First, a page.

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Friday, June 14, 2024

Fusion Technology And Electricity

Currently, nuclear power plants generate electricity through fission, which is splitting an atom to generate heat and thus boil water to generate power. Although present-day nuclear plants are cleaner than those based on burning fossil fuels, these are not very safe. Fission-based plants have huge by-products of radio-active materials which have an exceedingly long life span. These have to be stored in extremely safe ways so that their radioactivity does not spread into the neighbouring areas of the plant or the storage areas. This makes the present nuclear plants difficult to handle and confined to only a few developed countries. These are not effective alternatives for use of fossil fuels.

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Energy shortage could become a thing of the past and so could the concerns about global warming if what the US scientists have achieved could be rolled out commercially. The US Department of Energy has announced that its scientists have at last achieved a breakthrough in ‘fusion technology’ for generating electricity. The efforts at achieving this are not new, of course. For close to one hundred years, since the days of the brightest discoveries in nuclear physics in the 1930s, scientists have been trying to produce electricity from ‘fusion’ as opposed to ‘fission’. Currently, nuclear power plants generate electricity through fission, which is splitting an atom to generate heat and thus boil water to generate power. Although present-day nuclear plants are cleaner than those based on burning fossil fuels, these are not very safe. Fission-based plants have huge by-products of radio-active materials which have an exceedingly long life span. These have to be stored in extremely safe ways so that their radioactivity does not spread into the neighbouring areas of the plant or the storage areas. This makes the present nuclear plants difficult to handle and confined to only a few developed countries. These are not effective alternatives for use of fossil fuels.

Fission is the opposite route. It is joining up two atoms to generate heat. This is the process through which the sun and other stars are known to produce energy and heat. Doing fusion on earth would be to reproduce what is happening constantly at the core of the sun. America’s Lawrence Livermore Laboratory has achieved just this, as the US energy secretary has announced. Once again, this is not a new achievement. Two other laboratories are trying to achieve this for many, many years now. One is in a village in England and the other is on a hillside in France. The latter is a joint effort by scientists from thirty-five other countries, of which nine are most active, including India. The critical factor is that the energy produced must be more than the energy consumed in the effort and that should be stable for a longer period. While the basic science has been by and large known and established, the issue is one of solving some related matters and that of implementation through engineering. Going by the statement of the US energy department, these related issues of implementing a stable fusion reaction appear to have been resolved.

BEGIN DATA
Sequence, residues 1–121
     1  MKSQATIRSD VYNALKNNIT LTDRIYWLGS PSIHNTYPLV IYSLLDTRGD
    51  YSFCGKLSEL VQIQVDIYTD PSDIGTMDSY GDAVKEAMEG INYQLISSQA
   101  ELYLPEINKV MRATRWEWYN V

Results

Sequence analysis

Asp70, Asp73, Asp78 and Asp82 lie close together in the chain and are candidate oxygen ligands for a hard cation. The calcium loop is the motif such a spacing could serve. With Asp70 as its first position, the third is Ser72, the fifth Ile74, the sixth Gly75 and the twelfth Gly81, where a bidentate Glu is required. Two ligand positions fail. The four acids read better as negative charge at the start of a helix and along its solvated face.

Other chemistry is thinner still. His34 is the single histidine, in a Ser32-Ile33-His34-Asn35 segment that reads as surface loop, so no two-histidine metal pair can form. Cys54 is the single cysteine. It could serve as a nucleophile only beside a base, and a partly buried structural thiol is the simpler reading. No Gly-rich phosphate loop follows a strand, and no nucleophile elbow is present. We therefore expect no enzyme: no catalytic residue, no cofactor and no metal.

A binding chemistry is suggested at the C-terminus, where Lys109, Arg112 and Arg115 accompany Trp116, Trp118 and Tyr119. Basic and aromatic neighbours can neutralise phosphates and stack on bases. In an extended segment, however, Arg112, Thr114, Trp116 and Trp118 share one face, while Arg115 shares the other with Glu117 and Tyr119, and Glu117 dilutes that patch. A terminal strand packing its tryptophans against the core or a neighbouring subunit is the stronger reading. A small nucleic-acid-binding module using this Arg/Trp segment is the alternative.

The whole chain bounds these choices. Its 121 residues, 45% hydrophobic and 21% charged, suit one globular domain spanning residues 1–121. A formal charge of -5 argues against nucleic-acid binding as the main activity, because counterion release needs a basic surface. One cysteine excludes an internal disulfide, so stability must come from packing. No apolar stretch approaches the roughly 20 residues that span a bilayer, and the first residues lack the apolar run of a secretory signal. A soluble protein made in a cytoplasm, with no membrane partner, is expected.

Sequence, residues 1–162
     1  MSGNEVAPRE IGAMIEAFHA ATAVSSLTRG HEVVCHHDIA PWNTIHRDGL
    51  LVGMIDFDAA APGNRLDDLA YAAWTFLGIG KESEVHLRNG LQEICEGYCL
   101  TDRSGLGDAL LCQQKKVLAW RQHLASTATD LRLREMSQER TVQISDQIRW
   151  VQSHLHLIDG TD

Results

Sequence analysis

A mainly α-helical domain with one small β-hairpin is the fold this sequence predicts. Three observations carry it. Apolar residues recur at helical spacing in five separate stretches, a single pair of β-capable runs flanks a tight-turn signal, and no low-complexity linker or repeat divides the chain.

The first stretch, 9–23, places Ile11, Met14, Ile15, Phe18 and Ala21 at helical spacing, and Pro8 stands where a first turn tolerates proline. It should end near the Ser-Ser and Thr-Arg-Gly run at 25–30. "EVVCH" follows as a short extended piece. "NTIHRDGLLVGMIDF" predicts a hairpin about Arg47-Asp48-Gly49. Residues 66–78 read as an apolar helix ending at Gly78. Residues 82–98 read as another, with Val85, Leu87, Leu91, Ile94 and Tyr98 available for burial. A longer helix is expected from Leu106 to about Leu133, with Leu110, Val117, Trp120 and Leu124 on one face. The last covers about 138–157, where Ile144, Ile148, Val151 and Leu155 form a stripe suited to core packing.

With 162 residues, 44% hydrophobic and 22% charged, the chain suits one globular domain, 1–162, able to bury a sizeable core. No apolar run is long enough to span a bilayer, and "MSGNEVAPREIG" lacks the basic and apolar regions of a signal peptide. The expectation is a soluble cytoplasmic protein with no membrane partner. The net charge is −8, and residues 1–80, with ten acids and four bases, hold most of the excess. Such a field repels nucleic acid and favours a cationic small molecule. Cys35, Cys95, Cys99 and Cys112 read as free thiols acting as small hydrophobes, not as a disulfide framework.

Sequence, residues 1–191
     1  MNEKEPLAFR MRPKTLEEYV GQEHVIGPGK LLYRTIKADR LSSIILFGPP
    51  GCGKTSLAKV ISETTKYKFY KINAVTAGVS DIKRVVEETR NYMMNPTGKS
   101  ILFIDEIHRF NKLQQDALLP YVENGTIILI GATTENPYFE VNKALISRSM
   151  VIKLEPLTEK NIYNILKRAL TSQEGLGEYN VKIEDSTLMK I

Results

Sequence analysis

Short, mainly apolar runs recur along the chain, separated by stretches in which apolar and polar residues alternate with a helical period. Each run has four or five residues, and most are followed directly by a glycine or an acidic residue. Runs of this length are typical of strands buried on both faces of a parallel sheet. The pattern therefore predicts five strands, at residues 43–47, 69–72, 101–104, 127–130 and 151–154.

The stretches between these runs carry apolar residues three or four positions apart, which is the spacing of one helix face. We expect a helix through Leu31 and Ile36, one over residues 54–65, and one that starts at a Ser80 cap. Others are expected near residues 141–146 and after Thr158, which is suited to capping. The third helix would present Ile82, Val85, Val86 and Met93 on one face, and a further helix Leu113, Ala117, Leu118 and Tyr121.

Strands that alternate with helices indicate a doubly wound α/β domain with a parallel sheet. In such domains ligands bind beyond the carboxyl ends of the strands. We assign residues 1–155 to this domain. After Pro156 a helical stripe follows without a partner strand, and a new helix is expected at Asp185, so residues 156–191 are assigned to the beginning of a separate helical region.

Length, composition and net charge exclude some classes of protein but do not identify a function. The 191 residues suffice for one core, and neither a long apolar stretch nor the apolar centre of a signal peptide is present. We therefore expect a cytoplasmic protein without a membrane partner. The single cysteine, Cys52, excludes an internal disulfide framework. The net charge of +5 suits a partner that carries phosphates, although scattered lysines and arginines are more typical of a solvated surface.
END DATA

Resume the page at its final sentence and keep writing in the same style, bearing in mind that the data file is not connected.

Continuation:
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But even then, the actual availability of electricity from fusion is not near just now. To do this on a commercial scale, it will call for efforts on a prolonged basis and could be expected to be available only sometime in the future. However, as the US Energy department says, some hopes of a near-future solution are at hand. There are underlying tensions in this scientific effort as well. The foundation block of the fusion process, that is, extremely powerful magnets to start and hold the process, was first discovered and engineered by Soviet scientists. Called tokamaks, these were structured by the Russians years back. The excitement about fusion technology as a solution for mankind’s energy problems is that it is clean. It uses an atom that is available in plenty in nature — it is from water. That is, just one glass of water could give enough material to produce electricity for a year for a city.

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The Hills Times
The Hills Timeshttps://www.thehillstimes.in/
Welcome to The Hills Times, your trusted source for daily news and updates in English from the heart of Assam, India. Since our establishment in 2000, we've been dedicated to providing timely and accurate information to our readers in Diphu and Guwahati. As the first English newspaper in the then undemarcated Karbi Anglong district, we've forged a strong connection with diverse communities and age groups, earning a reputation for being a reliable source of news and insights. In addition to our print edition, we keep pace with the digital age through our website, https://thehillstimes.in, where we diligently update our readers with the latest happenings day by day. Whether it's local events, regional developments, or global news, The Hills Times strives to keep you informed with dedication and integrity. Join us in staying ahead of the curve and exploring the world through our lens.
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